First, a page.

Financially Speaking Podcast

Fighting the Mind and the Chinese Fortune Cookie

Published on December 2, 2011

Behavioral finance looks at why investors reflect biases in their decisions and focus on emotional choices, loss aversion, return chasing behaviors, overconfidence and wishful thinking.  Even incentives and education fail to get investors to do things that are in their own best interests. 

Researchers evaluated the behavior of employees at seven large companies which offered generous employer contributions to their retirement plans. For some reason, thousands of employees were not participating in their plan. Based on the design of the retirement plan, they could make their contribution, get the employer matching contribution, and then immediately get all the money - without any penalty!  There's no good economic reason why these employees wouldn't fully participate. In effect, they were refusing to accept free money.

The researchers hypothesized that employees simply didn't understand the situation. So they paid employees $50 to attend an educational workshop about the plan. Surely once they explained things, employees would start contributing.   The result was absolutely no change after the seminars!

In another study, employees were given seminars presented by financial professionals, who explained how to set savings goals, the fundamentals of asset allocation, managing credit and debt, and insurance. The employees volunteered to learn more about their financial situation, so they already had a certain amount of motivation. As they left the room, 100% of the participants said they were going to increase contributions to their retirement plans, but just 14% of them actually did.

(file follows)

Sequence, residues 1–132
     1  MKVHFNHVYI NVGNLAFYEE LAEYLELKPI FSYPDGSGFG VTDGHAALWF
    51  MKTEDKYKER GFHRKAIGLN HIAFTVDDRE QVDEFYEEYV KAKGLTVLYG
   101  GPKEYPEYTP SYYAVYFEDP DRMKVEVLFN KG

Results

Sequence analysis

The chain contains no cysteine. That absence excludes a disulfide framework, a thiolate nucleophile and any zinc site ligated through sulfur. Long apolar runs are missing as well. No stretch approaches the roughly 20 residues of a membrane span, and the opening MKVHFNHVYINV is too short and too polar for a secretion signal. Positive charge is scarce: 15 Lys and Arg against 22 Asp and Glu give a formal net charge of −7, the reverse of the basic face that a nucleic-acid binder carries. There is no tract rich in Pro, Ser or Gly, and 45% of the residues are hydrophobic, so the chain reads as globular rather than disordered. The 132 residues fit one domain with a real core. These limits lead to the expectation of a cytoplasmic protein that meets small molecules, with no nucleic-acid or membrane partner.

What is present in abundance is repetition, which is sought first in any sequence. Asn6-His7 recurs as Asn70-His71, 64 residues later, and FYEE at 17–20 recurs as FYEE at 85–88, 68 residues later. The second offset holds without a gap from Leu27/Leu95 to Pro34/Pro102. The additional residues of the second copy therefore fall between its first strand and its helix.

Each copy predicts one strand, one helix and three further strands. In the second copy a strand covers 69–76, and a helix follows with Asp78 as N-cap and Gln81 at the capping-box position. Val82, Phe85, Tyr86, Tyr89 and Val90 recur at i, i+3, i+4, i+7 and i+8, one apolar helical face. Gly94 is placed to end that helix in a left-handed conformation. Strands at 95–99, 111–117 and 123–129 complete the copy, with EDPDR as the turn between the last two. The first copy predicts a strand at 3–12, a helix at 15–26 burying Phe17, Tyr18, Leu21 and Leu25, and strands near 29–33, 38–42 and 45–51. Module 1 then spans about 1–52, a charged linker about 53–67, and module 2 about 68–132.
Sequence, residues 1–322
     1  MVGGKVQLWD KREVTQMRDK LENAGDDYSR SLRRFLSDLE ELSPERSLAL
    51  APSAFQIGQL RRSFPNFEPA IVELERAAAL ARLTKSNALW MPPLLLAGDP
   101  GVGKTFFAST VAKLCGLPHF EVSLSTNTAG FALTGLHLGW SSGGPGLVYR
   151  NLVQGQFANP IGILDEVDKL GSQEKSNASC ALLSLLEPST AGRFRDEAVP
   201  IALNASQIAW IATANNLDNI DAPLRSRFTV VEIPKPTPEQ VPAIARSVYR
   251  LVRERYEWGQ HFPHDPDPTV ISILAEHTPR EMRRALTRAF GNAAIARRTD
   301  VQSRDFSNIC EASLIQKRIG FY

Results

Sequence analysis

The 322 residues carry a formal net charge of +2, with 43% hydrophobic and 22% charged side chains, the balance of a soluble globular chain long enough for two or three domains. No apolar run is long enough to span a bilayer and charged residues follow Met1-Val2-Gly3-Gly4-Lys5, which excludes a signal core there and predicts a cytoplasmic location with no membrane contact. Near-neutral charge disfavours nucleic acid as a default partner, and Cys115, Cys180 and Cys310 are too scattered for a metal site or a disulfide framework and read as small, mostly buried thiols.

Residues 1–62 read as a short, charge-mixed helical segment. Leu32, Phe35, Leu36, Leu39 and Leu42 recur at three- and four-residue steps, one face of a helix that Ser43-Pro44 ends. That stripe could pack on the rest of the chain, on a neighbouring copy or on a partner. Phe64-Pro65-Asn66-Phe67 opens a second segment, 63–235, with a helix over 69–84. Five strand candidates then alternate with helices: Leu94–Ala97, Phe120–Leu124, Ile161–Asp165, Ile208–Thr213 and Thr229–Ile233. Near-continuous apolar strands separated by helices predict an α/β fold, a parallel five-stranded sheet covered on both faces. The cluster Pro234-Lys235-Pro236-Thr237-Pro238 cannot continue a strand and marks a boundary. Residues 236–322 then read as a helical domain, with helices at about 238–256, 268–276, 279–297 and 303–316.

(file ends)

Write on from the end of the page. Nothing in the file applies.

Behavioral economics tells us that people think about immediate gratification and future gratification very differently.  Imagine that you were offered a free 15-minute massage right now or a free 20-minute massage two hours from now. Most people will choose the immediate option. Now suppose you're offered a 15-minute massage in a week or a 20-minute massage in a week and an hour. Just about everybody will chose the longer massage option.  Immediate gratification (the massage right now) gets full weight in our thinking, while future gratification (the massage two hours from now) only much less weight.

Researchers say that on a subliminal level, people seem to know they have a tendency to put immediate gratification above future benefits.  The mind fights against itself when it comes time to making financial decisions. The need to make a decision triggers an immediate and stubborn conflict between the patient and the impatient parts of the brain. 

The easiest way to end this uncomfortable mental battle is procrastination-avoiding it altogether. This explains why employees attended those seminars, left with the best intentions, and then never followed through. To keep peace in their minds, it was easier to avoid action than to take it.  It reminds me of a Chinese fortune cookie I opened over 10 years ago:  "Not to decide is a decision".  That little slip of paper is still in my desk drawer and reminds me why clients find it difficult to make decisions.

Tags: financial decisions; 401k investment decisions

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